Through incidental encounters such as trade shows or marketing events. These events provide senior fleet decision-makers with the perfect opportunity to network with industry colleagues, evaluate new fleet service providers and attend seminars. Industry knowledge is invaluable when planning for the future.
3) Contingency Planning
Building resilience and planning future fleet activity can often rely on creating hypothetical situations with a factual basis in current world events.
Plan for Economic Challenges
What political factors influence your business? Has government policy adversely affected someone in your supply chain? Is there some sort of geopolitical factor affecting your business? How would a restructure affect your fleet? How would you provide service continuity in adverse conditions?
What happens in the event of a major accident? Terrorist incident? Road closure? City centre closure? IT failure?
Have you got enough staff? Have you got any staff on-call? is there a continuous recruitment drive?
Have you got enough vehicles? Have you got enough of the right type of vehicle? Has your fleet got the capacity to cope with seasonal surges in demand? Has your fleet got the flexibility to cope with post seasonal retractions in demand? Is there a defect reporting system in place?
Servicing and Parts
Is a cost-effective plan in place? Does the aftersales package fulfil all your requirements? Are your vehicles serviced by a dealer or independent garage?
Do you have an onsite bunker? Does your company use fuel cards? Do you use fuel cards as a backup for long journeys?
How is risk managed within your business operation?
Is a culture of safety awareness prevalent in the company?
Does the driver have a valid driving licence? Does the licence allowing them to operate the correct vehicle?
Driver health checks
Is the medical screening process rigorous enough? Does a driver have any physical health issues which would affect their performance? Does a driver have any mental health issues which would affect their performance? Do they have a complicated medical history? Can they work at night? Are they on medication? Is there a policy for random drug and alcohol testing? Does your company have a tiredness awareness policy? Is there a channel of communication for reporting changes in health? How do take care of a driver if an issue develops?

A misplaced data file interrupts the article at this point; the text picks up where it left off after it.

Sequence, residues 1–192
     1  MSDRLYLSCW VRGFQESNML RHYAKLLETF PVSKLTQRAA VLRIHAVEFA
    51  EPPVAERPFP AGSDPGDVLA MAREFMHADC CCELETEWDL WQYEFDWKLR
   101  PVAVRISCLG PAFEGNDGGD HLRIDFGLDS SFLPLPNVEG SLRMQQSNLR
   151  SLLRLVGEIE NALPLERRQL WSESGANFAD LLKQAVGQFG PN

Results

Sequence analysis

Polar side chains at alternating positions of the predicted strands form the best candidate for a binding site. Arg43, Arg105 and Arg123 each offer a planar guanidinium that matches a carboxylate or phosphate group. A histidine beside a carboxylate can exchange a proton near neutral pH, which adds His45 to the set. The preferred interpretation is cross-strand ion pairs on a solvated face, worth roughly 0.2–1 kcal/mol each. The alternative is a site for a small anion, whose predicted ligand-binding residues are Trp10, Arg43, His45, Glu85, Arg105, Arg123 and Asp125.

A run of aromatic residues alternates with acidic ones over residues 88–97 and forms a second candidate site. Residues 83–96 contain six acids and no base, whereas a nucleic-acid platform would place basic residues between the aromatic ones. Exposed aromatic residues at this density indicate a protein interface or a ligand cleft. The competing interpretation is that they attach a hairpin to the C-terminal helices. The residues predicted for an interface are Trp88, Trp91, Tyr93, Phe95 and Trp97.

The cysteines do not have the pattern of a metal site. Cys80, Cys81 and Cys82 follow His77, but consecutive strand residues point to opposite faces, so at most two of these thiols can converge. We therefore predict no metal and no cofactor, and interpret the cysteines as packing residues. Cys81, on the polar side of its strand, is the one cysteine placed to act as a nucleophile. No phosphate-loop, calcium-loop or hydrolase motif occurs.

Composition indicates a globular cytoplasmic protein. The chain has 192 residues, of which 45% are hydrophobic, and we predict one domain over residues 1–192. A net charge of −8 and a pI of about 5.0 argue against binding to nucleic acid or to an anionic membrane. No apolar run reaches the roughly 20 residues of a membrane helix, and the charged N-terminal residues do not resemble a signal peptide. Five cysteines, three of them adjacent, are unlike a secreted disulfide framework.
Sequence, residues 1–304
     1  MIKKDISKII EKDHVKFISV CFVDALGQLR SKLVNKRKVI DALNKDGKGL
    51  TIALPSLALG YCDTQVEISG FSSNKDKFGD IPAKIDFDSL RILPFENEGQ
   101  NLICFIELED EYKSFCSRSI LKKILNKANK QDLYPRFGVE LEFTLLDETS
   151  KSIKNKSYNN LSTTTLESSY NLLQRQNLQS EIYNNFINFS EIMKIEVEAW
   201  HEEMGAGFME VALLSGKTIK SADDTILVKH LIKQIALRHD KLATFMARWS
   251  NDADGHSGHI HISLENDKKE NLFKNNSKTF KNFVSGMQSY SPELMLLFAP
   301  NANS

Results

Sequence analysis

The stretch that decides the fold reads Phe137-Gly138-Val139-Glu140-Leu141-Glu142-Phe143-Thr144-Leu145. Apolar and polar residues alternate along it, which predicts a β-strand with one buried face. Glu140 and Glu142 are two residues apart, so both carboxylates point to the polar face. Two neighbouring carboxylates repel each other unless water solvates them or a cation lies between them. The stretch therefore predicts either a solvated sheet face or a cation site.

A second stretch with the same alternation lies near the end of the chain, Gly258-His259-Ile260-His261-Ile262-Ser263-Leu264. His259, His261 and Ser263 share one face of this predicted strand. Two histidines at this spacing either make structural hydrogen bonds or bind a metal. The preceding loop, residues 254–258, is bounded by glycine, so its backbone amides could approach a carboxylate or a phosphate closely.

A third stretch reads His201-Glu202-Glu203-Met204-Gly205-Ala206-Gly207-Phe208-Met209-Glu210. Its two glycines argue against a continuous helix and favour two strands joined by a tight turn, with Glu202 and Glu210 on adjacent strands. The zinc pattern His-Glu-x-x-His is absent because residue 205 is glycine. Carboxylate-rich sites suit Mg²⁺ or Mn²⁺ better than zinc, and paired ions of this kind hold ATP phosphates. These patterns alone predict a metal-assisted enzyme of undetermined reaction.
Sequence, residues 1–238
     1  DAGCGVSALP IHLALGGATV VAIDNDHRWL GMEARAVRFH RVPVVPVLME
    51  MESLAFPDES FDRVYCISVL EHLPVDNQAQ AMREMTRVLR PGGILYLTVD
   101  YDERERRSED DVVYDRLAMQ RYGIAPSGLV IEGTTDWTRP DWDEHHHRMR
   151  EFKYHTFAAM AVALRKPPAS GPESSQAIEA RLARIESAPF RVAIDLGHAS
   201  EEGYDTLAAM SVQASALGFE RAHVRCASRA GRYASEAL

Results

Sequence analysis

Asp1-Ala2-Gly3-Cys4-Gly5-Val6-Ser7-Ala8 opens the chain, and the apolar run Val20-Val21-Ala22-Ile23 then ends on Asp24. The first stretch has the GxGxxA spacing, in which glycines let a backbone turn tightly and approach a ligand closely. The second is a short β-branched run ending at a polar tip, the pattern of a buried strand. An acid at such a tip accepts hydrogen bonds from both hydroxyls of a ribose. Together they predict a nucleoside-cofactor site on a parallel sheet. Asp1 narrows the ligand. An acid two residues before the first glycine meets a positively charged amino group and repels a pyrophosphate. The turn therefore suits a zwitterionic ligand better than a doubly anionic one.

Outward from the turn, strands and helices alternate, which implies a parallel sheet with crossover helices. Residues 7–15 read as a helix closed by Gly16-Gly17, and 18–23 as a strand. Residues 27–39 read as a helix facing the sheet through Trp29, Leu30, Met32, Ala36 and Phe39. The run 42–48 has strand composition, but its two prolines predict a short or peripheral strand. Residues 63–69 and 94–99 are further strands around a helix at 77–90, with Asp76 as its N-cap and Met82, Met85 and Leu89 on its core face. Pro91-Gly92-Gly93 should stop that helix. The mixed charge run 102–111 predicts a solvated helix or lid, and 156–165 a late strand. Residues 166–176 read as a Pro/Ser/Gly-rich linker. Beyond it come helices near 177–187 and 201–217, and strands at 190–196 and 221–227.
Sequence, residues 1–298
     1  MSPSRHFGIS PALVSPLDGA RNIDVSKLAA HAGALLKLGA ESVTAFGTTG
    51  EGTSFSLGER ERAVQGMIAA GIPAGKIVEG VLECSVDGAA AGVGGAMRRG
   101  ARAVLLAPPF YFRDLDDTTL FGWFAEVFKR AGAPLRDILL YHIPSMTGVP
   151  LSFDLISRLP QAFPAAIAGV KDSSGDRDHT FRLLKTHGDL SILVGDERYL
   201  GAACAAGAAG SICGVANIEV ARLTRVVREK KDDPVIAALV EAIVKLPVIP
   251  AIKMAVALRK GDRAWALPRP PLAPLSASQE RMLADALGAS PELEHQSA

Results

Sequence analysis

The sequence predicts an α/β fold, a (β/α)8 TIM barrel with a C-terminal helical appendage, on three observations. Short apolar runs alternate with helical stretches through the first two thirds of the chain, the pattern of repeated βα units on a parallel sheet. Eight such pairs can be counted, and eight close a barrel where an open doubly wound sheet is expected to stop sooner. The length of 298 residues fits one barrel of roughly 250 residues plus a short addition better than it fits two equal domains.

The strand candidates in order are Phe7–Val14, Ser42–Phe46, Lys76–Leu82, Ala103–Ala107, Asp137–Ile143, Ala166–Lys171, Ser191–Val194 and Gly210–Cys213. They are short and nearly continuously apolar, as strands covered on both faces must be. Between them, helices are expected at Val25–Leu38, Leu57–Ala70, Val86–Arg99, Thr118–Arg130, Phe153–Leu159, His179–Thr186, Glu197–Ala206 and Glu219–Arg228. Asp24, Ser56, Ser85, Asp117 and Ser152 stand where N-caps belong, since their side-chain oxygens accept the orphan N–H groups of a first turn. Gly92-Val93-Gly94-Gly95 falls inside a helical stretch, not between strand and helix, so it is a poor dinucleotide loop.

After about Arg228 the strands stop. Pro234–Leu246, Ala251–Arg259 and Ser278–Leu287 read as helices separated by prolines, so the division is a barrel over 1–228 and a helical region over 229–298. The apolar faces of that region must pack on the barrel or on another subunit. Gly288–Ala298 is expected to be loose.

Are your drivers aware of the latest regulations and traffic laws? Is there a training programme in place? Do your drivers have to meet a required minimum standard of knowledge? Is there a company handbook available to drivers? Are drivers aware of vehicle specifications?
Is there a policy guide made available for drivers? Are you drivers aware of your company’s values and how it relates to the way they drive?
4) Staying Ahead of Legislation
Company Car Tax
New legislation saw tax rates rise in April 2019, and changes to the Vehicle Excise Duty will be announced later in the year.
As part of the governments drive towards a greener economy, higher polluting vehicles will be taxed off the roads and their less polluting counterparts incentivised.
The Health and Safety Executive release annual updates to their guidelines and regularly promote new safety campaigns. Expect new laws governing Artificial Intelligence, driver mental health awareness, and environmental factors to become more prevalent in the next few years.
Starting with the ultra-low emissions zone in the City of London, further zones will be springing up throughout the UK. The ULEZ in London currently makes £220,000 a day so it’s only a matter of time before they become widespread.
In the last year, the government has issued the Road to Zero Strategy and the Future of Mobility Strategy. Both outlining their vision for the future of transport in the UK. There is also ongoing work on the Road Investment Strategy and Clean Air Strategy.
General Data Protection Regulation (GDPR) will build on existing data protection legislation with a particular focus on digitalisation and technology. Which means that fleets will need to be clear about how they use data and to keep their employees in the loop. While data-based decision-making can drive efficiencies, it must be balanced against people having a right to privacy.
If you want take th efirst steps in future proofing your fleet, Cambrian Fuel Card Services provides fuel cards and telematics to companies throughout the UK.
To find out more about Cambrian Fuel Card Services go to www.cambriancards.com or call one of our account managers on 0800 612 6132
For more information about fuel cards, go to www.cambriancards.com/fuel-cards/
To learn more about telematics, go to www.cambriancards.com/telematics/
Further information from the HSE click here – http://www.hse.gov.uk/pubns/indg382.pdf
Future of Mobility Urban Strategy – https://www.gov.uk/government/publications/future-of-mobility-urban-strategy